Of course Missouri wants to ban the 1619 Project. It is impossible to expect anything less of a state represented by the likes of conservative Sen. Josh Hawley and a gaggle of Republican state House members, and by the likes of those who consider themselves free-speech activists but who seek to suppress perspectives that are different from their own.
It’s pathetic to have to advocate against the banning of curricula. We are witnessing modern-day book burning.
The students at University City High School and their teacher included the 1619 Project in our Advanced Placement language class in 11th grade. The 1619 Project, written by Nikole Hannah-Jones for The New York Times in August 2019, presents a look at the contribution of African Americans throughout U.S. history since they were first shackled and brought to America as enslaved people. It presents an alternative view of American history that is often whitewashed in textbooks. Our teacher included the 1619 Project in our 11th grade AP English language and composition class.
We students were not taught exclusively by it; we were not indoctrinated; but we were captivated. We examined and connected with it, criticized and scrutinized its claims, and we left our junior year of high school with a better understanding of how America feels to people whose generational histories have been left in the margins. In the fall of 12th grade, we urged the school board to include the 1619 Project in our district’s curriculum, not because it brainwashed us but because we felt it was valuable.
No one in America is arguing that the 1619 Project should be the indisputable instruction our students receive on this subject, but that does not mean it shouldn’t be included in discussions; teaching it does not mean it is 100%, cover-to-cover, factually indisputable. The 1619 Project is no different from any passage from a history textbook, any historic speech, or any historical documentary. It presents a viewpoint of history that can’t be universally defended in the same way that traditional teaching levies bias into the minds of students. But that does not mean it is incorrect. It’s appalling to many students like me that something so valuable, something so critical of traditional teaching should be banned simply because it paints an unpleasant picture of the past that still exists in today’s world. The effects of slavery are not confined to the past, just as tears in the fabric of a quilt are not eliminated by sewing torn pieces back together.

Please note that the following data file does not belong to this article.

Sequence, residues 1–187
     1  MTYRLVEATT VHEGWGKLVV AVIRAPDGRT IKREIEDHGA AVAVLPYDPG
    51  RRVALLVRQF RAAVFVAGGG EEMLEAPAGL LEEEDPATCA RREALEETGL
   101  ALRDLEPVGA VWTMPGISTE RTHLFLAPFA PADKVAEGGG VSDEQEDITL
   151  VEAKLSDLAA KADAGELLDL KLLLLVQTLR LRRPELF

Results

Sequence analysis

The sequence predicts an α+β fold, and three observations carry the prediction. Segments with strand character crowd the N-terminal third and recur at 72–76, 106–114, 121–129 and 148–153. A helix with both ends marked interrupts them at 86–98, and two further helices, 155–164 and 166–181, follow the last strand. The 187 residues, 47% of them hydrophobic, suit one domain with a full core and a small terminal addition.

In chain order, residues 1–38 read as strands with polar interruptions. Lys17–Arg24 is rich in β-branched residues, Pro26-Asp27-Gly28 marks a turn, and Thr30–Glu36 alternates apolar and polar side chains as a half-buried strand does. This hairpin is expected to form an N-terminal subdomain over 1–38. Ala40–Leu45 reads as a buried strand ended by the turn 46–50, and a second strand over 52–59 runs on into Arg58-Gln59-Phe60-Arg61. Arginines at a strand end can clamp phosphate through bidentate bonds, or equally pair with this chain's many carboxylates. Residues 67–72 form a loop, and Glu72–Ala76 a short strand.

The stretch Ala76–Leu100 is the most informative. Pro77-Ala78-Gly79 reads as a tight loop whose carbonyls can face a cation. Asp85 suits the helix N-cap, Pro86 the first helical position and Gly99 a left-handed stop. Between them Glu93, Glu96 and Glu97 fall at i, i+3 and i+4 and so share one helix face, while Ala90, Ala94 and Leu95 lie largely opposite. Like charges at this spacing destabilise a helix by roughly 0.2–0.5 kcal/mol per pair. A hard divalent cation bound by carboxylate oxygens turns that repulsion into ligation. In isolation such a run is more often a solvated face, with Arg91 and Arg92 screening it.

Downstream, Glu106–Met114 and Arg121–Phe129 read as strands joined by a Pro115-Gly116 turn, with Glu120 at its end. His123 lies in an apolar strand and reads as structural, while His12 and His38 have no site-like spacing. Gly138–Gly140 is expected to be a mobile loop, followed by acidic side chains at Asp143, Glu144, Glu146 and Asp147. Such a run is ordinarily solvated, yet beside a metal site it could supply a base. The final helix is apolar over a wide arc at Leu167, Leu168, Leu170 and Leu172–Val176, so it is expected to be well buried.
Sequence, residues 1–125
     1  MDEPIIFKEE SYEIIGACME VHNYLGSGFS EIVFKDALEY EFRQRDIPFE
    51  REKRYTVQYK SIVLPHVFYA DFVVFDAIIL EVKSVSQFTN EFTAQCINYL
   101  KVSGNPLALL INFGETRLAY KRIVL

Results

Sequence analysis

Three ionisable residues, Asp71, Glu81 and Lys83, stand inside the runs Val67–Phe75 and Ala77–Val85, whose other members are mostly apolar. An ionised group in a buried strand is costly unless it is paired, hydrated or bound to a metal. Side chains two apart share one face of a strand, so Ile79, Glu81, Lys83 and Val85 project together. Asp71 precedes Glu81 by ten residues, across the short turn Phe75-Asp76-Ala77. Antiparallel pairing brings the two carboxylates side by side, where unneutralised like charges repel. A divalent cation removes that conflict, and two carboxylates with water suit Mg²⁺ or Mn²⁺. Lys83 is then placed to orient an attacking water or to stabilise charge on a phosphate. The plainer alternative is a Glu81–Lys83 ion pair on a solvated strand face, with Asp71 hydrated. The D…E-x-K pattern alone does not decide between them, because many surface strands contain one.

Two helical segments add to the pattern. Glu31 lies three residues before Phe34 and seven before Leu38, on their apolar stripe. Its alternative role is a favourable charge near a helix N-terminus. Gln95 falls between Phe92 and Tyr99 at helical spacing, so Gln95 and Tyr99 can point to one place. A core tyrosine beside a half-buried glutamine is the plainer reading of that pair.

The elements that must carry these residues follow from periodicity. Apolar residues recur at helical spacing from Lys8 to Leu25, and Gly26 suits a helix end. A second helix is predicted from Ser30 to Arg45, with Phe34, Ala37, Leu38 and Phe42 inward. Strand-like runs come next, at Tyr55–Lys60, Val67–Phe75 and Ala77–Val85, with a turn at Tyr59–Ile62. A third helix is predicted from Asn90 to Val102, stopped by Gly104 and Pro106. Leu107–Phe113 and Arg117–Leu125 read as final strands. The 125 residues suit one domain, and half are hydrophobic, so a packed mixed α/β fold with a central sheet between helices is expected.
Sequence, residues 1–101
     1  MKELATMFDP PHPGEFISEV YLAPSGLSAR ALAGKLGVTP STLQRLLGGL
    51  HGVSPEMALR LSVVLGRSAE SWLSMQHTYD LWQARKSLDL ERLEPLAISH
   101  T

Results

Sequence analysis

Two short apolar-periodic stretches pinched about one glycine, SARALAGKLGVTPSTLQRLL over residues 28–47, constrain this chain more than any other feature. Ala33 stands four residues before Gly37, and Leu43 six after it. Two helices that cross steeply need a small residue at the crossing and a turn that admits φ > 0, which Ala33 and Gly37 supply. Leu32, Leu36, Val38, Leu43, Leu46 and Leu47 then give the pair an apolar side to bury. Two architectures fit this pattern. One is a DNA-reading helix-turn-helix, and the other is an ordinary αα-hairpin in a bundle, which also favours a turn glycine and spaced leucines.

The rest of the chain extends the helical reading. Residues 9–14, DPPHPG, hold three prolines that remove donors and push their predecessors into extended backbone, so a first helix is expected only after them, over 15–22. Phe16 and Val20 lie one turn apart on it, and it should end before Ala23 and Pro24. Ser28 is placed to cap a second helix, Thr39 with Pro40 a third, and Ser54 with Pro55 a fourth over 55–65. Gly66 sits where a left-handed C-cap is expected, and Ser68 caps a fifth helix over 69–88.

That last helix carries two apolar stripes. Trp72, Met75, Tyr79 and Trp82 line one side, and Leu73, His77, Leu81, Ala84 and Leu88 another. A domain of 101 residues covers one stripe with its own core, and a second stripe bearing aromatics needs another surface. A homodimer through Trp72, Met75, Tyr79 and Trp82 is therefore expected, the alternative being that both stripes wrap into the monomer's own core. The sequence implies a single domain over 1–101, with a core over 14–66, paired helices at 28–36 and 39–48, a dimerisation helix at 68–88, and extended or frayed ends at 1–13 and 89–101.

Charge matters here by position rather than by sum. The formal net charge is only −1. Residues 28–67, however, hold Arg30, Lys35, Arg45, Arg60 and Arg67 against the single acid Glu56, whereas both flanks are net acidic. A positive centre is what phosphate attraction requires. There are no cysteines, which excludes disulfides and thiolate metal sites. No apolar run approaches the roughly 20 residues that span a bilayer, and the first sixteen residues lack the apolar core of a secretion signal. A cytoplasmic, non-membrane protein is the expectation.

For a party dedicated to preserving the constitutional rights of Americans, promoting a bill that bans a source material in classrooms seems hypocritical, unconstitutional, authoritarian and politically petty. Students aren’t sheep, and lawmakers should never assume that students in classrooms absorb the information they are fed without critical analysis, questioning and discussion. This is the purpose of education.
The 1619 Project is not revisionist history. It is history. It is a collection of stories from real people about real events that often get glossed over. It provides perspectives and viewpoints that haven’t been adequately heard. It is not just about slavery. It is about what our country is born from. It is about respecting emotions and viewpoints. It is about making us uncomfortable with our past and desiring to build a better future.
Students like me are sickened by the blatant constitutional infringement that Missouri House Bill 1141 presents, and I join more than 25 students at University City High School in urging state officials and lawmakers to consider their position. We demand that each lawmaker examine and critically analyze their own viewpoints as much as we did last year in the classroom. This bill needs to be exiled from the legislative floor. We understand firsthand the impact of the 1619 Project. We have seen and heard and felt the uncomfortable reactions that it evokes. But we also understand better than lawmakers that the manner in which to confront discomfort is not to ignore it or feel threatened by it.
Embrace a different perspective. Do not erase it.
Ian Feld is a senior at University City High School.